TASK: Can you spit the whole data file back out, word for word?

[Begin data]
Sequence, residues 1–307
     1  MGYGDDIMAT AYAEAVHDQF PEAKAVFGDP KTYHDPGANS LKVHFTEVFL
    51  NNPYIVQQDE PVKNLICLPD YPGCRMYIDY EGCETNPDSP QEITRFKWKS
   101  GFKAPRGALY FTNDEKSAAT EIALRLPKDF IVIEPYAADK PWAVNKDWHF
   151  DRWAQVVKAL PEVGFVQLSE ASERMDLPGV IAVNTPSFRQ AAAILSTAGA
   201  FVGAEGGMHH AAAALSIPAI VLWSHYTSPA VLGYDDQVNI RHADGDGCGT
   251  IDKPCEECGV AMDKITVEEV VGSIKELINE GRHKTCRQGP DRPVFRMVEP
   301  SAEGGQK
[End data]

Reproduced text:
Sequence, residues 1–307
     1  MGYGDDIMAT AYAEAVHDQF PEAKAVFGDP KTYHDPGANS LKVHFTEVFL
    51  NNPYIVQQDE PVKNLICLPD YPGCRMYIDY EGCETNPDSP QEITRFKWKS
   101  GFKAPRGALY FTNDEKSAAT EIALRLPKDF IVIEPYAADK PWAVNKDWHF
   151  DRWAQVVKAL PEVGFVQLSE ASERMDLPGV IAVNTPSFRQ AAAILSTAGA
   201  FVGAEGGMHH AAAALSIPAI VLWSHYTSPA VLGYDDQVNI RHADGDGCGT
   251  IDKPCEECGV AMDKITVEEV VGSIKELINE GRHKTCRQGP DRPVFRMVEP
   301  SAEGGQK